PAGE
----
Yes, dogs can eat Arugula. Like many other leafy green vegetables, Arugula is non-toxic to dogs, making it a low-calorie snack with nutritional value. Arugula can help your dog’s health if you follow a few guidelines (namely, cooking the Arugula and serving it to your dog in moderation).
What is Arugula?
Arugula, also known as “rocket,” is a peppery, leafy green found in salads, pasta, and pizzas. Arugula is a Mediterranean plant that is frequently used in local cuisine. It was initially used as a medicinal herb and aphrodisiac, but it is now widely used in various dishes, particularly in Italian cuisine. It shares a family with cabbage and mustard, which explains its peppery flavor!
The leaves are a dark green color with notches running up both sides, and some are full and round while others are thinner and sharper. It’s usually served raw in salads or pasta, but it can also be cooked. It’s widely available, simple to grow, and cheap.
Is Arugula Good for Dogs?
There are numerous health benefits of Arugula for dogs.
Arugula contains minerals such as potassium, magnesium, calcium, phosphorus, and iron.
Arugula is high in fiber and low in sugar and carbs, which can help reduce blockage or digestion issues—as long as your dog consumes Arugula in moderation.
Similar to other leafy green veggies, Arugula contains chlorophyll and other phytochemicals in plants. Chlorophyll can aid the immune system and help detoxify the blood.
Risks in Eating Arugula for Dogs
Arugula is a good source of vitamins and minerals, but don’t give your dogs too much of it because it can cause diarrhea. If you don’t give in moderation, you’ll get stomach upset, which is the first risk. Other potential arugula risks are listed below.
Arugula, like other foods, can cause an allergic reaction in your dog, so it’s best to introduce it to them gradually, especially if it’s their first time. If you want your dog to try Arugula, start with small amounts and monitor for any adverse effects after 24 to 48 hours.
It means that if your dog has an iron deficiency or has thyroid issues, Arugula can cause hormonal imbalance by disrupting thyroid hormone production. But don’t worry; cooking arugula removes the goitrogens, so it’s always a good idea. Even if your dog has thyroid problems, Arugula can be consumed in this manner.
Arugula contains a moderate amount of oxalic acid, which binds essential minerals like calcium, magnesium, and potassium, preventing your dog from adequately absorbing them. Arugula has a lower concentration of it than spinach and chard. Some veterinarians believe that the benefits of Arugula outweigh the risks. Always cook and feed Arugula in moderation as a precaution.
Tips for Feeding Arugula to Dogs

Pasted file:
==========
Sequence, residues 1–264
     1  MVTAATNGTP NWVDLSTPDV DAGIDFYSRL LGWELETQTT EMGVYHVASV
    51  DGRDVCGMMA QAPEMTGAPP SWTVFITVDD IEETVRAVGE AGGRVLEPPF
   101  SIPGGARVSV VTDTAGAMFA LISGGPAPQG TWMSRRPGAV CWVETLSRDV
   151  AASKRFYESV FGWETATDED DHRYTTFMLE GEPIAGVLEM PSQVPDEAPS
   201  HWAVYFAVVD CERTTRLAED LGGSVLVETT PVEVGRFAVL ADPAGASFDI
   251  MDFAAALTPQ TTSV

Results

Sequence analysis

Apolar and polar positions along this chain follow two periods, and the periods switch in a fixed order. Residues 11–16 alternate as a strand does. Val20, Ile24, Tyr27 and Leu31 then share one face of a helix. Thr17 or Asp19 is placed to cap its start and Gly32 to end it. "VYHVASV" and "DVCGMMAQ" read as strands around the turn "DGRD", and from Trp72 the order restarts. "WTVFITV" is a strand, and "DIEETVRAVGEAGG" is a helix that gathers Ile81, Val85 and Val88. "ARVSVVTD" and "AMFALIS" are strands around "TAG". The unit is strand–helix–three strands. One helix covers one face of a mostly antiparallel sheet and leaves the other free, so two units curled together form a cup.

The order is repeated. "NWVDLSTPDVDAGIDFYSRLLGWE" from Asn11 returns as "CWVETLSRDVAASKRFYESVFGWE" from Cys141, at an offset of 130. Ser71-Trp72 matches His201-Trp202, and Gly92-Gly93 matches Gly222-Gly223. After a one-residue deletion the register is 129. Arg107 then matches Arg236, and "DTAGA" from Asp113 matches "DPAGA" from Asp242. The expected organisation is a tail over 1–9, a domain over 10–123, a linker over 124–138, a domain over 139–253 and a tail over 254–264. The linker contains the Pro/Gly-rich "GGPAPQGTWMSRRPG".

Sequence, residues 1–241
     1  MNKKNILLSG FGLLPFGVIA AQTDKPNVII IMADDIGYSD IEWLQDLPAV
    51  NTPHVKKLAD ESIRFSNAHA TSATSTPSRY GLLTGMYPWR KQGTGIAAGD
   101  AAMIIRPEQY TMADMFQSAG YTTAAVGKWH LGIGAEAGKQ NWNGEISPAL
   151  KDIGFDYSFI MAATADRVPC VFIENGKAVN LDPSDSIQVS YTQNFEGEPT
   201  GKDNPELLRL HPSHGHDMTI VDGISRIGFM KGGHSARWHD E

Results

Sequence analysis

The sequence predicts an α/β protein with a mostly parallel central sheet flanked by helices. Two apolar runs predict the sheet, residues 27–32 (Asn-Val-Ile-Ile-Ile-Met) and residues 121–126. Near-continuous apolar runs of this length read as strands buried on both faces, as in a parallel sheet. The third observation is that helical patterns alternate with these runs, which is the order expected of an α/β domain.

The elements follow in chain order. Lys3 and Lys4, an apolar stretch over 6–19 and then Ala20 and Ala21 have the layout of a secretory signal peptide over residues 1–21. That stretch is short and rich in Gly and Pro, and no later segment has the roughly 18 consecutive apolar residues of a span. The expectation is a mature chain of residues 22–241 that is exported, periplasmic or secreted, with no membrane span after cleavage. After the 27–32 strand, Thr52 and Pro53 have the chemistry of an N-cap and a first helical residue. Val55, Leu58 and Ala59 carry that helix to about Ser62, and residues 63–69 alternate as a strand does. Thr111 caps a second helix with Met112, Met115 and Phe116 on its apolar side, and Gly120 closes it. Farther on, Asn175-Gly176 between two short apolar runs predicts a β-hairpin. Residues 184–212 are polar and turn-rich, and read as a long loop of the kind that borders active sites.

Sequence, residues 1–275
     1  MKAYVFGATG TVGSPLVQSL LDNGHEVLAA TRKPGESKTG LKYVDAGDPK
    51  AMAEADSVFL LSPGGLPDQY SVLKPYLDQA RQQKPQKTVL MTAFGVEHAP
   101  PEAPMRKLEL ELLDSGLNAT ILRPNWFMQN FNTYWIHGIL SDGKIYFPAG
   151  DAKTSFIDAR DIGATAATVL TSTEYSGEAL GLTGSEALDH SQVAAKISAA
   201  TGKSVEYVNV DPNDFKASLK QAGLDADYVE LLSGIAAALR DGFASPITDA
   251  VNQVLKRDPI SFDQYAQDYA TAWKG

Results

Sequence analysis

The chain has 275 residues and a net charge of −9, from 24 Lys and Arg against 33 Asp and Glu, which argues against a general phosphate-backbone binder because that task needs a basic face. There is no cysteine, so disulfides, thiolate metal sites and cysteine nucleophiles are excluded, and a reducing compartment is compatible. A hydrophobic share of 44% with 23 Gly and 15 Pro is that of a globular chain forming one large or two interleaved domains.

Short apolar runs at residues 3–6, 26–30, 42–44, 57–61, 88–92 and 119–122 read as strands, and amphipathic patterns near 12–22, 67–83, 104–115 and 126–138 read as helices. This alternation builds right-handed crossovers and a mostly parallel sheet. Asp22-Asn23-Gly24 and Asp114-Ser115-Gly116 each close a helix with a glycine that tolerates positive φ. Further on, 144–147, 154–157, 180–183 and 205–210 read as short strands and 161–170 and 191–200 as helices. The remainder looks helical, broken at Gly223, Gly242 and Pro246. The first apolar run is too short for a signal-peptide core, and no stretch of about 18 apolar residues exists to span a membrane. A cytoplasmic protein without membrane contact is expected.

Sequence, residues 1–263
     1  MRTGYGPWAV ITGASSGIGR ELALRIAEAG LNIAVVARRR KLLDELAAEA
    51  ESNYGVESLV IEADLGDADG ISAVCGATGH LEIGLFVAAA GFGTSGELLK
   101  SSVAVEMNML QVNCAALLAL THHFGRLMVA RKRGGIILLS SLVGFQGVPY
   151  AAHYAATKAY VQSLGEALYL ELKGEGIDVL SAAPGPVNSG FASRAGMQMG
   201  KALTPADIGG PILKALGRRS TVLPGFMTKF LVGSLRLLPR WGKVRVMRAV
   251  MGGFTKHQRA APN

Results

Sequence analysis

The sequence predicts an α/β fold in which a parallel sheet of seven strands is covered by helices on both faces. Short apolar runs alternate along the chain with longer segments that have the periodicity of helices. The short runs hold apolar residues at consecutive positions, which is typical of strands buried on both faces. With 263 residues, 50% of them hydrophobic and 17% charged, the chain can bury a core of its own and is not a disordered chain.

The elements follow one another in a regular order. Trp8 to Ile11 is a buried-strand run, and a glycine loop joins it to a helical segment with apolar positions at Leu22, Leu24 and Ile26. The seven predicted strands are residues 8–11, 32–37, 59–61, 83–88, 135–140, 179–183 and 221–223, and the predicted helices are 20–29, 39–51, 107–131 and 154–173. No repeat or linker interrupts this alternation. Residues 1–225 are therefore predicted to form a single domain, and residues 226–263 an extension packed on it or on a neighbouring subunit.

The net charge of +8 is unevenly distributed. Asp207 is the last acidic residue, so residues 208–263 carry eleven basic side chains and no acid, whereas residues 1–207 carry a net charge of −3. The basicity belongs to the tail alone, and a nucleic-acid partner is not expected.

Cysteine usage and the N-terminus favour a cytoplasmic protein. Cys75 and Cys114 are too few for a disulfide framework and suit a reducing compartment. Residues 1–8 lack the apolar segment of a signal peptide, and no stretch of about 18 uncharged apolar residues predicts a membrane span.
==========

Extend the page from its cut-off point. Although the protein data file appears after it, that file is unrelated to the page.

- Dogs should only eat Arugula in moderation because it can cause diarrhea and vomiting.
- The Arugula you buy at the grocery store will be treated with pesticides, so wash it thoroughly before feeding it to your dog.
- Arugula is safe for pregnant or nursing dogs but does not give them too much of it. Arugula contains high levels of vitamin K, which is a blood thinner. Too much vitamin K can lead to bleeding in the stomach.
- Giving Arugula to dogs with kidney disease or diabetes is not recommended.
How Much Arugula Can Dogs Eat?
While Arugula is nutritious, it is not something they should consume daily or in large quantities. As a general rule, vegetables should be considered “occasional treats” and account for less than 10% of a person’s total diet.
Now and then, a tablespoon of Arugula will suffice. Please leave it to their high-quality dog kibble to provide them with the complete nutrition they require daily.
How to prepare Arugula for dogs?
Arugula has a spicy, peppery taste that your dog will almost certainly dislike. Cooking and combining with other tasty items significantly reduces the peppery taste. Any cruciferous veggies should be briefly boiled before eating since this decreases the number of goitrogens in the vegetables and makes them safer to ingest. To hide the taste, we suggest just cutting it up and adding it to their current diet or adding it to lean meats or canned food.
Conclusion: Can Dogs Eat Arugula?
Arugula is a powerful nutritional supplement for your dog’s daily nutritional requirements. Overall, the benefits of Arugula far outweigh any potential risks. However, if your dog has any iodine or thyroid-related issues, proceed with caution. To reap the full benefits of Arugula, follow the steps to cook it for your dog gently. Now it’s your turn. Have you ever given Arugula to your dog? Do you give your dog Arugula as part of their diet? Is it a hit with your dog? We’d be interested in hearing about your experience!